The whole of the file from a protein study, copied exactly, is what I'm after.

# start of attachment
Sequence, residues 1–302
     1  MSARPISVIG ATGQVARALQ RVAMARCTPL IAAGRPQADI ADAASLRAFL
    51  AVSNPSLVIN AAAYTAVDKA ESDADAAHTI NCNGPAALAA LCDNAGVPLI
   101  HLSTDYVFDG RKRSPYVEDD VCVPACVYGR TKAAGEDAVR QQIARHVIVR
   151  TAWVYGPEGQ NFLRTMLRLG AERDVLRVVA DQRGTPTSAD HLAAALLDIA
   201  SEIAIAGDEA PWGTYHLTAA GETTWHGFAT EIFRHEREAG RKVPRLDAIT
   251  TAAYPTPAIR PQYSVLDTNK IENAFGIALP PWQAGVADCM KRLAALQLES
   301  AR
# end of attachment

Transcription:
Sequence, residues 1–302
     1  MSARPISVIG ATGQVARALQ RVAMARCTPL IAAGRPQADI ADAASLRAFL
    51  AVSNPSLVIN AAAYTAVDKA ESDADAAHTI NCNGPAALAA LCDNAGVPLI
   101  HLSTDYVFDG RKRSPYVEDD VCVPACVYGR TKAAGEDAVR QQIARHVIVR
   151  TAWVYGPEGQ NFLRTMLRLG AERDVLRVVA DQRGTPTSAD HLAAALLDIA
   201  SEIAIAGDEA PWGTYHLTAA GETTWHGFAT EIFRHEREAG RKVPRLDAIT
   251  TAAYPTPAIR PQYSVLDTNK IENAFGIALP PWQAGVADCM KRLAALQLES
   301  AR